I do know that seeing that 41.25 number on my summary sheet made me feel a lot better about the amount of work I'd managed to do last week. On one level, this is silly- what should matter is what I got done, not how much time I spent doing it. On another level, though, this shows the benefits of time tracking. Even someone who really, truly believes in efficiency over face time (like me!) can fall into the trap of thinking that the reason she feels behind at work is that she's not working enough hours. Seeing the numbers that prove I am actually putting in a solid number of hours alleviated my concerns, and made me turn my focus from finding more hours to give to work to finding ways to get more done in the hours I have, including an increased focus on finding a second project manager for our department- something my boss and I have both wanted to do for awhile. Yesterday, I set aside 30 minutes at work and really hit my network looking for leads. The data had shown me that this was probably the best use of my time.

Have you ever done a time tracking exercise? What percentage of the time in the office do you spend actually working? Given what I've observed around the office over the years, I think my percentage is on the high side.

18 comments:

  1. Interesting! I'd love to see an example excerpt of your time tracking -- do you track EVERYTHING (eating, bathroom, blog reading, etc.) or just general things (work versus NOT work, etc.)?

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    1. I'll try to write a follow up post with details soon. In the meantime, the "life reorg" topic will include an old post where I talked about how I did my last time tracking exercise, including a link to the spreadsheet I used. Here is the post where I wrote up the results: http://www.wandering-scientist.com/2010/09/results-are-in.html

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    2. Hmm...I'm really intrigued by this! Did you find you were spending a lot of time logging the hours though? Did you go into the spreadsheet every 15 minutes, do it a few times a day, or just once each day? Did your husband end up doing something similar (as you mentioned in your post)?

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  2. Anonymous9:09 AM

    Once Petunia goes to bed on her own, could you move the bedtime to an earlier hour? Mine was 7:30 as a kid. I didn't always go to sleep then -- I spent hours making up stories in my head -- but it gave my parents more down time before they went to sleep themselves.

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    1. Ah, the earlier bedtime would be a two-sided thing, wouldn't it? That would mean lest play time with my kids during the week! It might work with Pumpkin now, since she's so into reading. I suspect Petunia would just come back out of her room unless we were willing to be draconian in our enforcement of bedtime... and we're not. I'm a wimp that way!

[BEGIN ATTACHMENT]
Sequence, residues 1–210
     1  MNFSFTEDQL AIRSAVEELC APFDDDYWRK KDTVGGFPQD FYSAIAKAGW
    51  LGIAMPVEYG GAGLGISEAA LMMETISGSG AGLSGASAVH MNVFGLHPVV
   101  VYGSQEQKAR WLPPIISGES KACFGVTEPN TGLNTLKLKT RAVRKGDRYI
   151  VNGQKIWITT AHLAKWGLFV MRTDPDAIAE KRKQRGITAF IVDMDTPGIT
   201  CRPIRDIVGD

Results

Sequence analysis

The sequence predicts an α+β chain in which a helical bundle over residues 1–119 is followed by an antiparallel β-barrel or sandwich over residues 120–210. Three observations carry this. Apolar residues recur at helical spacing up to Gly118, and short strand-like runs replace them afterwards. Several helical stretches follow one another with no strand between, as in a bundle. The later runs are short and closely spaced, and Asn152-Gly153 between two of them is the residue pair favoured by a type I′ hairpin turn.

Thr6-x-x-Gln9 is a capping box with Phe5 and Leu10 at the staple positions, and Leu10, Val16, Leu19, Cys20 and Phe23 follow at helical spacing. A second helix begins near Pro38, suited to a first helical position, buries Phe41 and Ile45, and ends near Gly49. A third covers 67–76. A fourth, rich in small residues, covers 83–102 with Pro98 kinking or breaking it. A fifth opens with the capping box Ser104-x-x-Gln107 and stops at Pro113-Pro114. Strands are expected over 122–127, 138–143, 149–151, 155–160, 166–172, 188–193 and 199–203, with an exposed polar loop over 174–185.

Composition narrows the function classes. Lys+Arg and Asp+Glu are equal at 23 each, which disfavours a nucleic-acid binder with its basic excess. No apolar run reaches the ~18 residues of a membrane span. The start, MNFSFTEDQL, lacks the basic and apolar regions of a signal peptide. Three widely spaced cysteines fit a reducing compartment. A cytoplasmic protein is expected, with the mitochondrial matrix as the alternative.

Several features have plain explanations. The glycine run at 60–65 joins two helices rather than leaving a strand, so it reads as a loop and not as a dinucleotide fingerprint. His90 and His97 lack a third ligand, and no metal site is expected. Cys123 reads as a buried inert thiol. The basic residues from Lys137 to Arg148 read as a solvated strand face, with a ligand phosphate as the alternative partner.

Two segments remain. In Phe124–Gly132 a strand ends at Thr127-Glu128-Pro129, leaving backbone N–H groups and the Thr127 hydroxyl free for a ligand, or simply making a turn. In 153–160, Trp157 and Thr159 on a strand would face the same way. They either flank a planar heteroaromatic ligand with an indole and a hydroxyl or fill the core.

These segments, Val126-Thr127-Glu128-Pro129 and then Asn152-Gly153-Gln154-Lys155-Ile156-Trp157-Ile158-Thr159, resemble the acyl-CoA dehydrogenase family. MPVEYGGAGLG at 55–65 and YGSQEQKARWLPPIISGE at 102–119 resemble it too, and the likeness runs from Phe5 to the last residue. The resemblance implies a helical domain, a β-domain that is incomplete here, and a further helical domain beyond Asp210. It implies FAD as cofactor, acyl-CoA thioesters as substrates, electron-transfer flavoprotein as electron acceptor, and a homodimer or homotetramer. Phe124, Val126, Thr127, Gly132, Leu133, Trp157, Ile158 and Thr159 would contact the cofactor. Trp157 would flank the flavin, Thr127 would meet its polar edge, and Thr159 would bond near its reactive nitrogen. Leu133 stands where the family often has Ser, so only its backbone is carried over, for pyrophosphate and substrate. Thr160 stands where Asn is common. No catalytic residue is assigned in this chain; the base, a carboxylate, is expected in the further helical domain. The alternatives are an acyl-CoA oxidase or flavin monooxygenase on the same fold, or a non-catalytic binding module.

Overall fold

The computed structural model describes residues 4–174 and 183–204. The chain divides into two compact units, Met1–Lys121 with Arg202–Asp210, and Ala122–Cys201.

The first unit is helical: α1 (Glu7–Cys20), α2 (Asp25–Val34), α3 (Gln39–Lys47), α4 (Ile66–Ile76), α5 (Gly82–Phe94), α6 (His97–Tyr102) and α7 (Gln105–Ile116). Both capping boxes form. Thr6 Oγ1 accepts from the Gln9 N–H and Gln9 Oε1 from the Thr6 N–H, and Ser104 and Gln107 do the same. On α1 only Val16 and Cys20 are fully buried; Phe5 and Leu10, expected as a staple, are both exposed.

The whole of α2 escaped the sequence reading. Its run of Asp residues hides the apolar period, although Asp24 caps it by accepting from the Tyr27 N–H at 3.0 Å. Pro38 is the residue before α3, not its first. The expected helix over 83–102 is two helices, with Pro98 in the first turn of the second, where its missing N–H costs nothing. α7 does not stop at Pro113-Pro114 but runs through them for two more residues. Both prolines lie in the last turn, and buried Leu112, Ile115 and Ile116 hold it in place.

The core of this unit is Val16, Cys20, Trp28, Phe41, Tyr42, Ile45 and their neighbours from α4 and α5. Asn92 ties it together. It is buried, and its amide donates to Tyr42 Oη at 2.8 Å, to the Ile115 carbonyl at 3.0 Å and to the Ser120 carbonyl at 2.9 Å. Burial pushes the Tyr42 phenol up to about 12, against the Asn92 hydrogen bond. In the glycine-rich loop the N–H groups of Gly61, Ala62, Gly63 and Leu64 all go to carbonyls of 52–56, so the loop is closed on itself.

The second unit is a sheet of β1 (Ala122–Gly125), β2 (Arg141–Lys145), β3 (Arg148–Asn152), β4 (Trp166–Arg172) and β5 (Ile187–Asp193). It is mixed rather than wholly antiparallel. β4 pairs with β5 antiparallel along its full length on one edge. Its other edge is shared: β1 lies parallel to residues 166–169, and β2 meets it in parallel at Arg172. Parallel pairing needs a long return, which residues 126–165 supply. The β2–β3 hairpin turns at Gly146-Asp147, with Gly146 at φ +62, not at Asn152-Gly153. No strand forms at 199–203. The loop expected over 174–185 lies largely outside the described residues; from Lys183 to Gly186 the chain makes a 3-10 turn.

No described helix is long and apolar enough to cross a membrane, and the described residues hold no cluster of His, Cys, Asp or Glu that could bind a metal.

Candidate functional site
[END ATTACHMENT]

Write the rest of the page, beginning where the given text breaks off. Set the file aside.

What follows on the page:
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    2. Anonymous4:06 PM

      Yeah, my mom was a stay at home mom so she was probably plenty full of play time by 7:30! I don't have kids so I'm a hardass in my own mind, but once it was my own child crying...hah! I'd probably melt too.

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    3. I think I've said this before, but we put DC1 (age 5) to bed before we go to bed and he can keep the light on and read. So 7:30 starts the routine: snack, bath, pajamas, flossing, tooth brushing, being read to, free reading time, lights out. Sometimes he asks if he can color instead of read and we say he can.

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  4. Um, yes, I would say your in-office time features a higher percentage of actual work than most people. But that's why you can work 40 hours per week and get your work done, lead a team, and advance in your career. Other people seem to need 50+ hours in the office to get 40 hours of work done. Re kid bedtime... We had some scary nights this summer where there literally weren't 8 hours when all three kids were asleep. The 2-year-old was giving up his nap, and some days when he got it, he'd not fall asleep until 10:30 and the baby would wake up at 5:30. Good times. Yep, you make it up on weekends with naps and celebrate the nights that work. She's now waking up at 6:45 fairly consistently (don't strike me, lightning!) and the boys are both in their rooms at 9. Much better. The world is sparkly and rainbows. I sound like a broken record that we've really found that having the kids in a bedroom area together (we have Jack-and-Jill rooms connected by a bathroom) has been great. One of the reasons kids fight bedtime is that it's lonely to be in a dark bedroom by yourself. If you're there in a bedroom or shared set of rooms with a sibling, it's easier to let mom and dad go. I wasn't thinking of this when we bought the house and assigned bedrooms, but it's been great.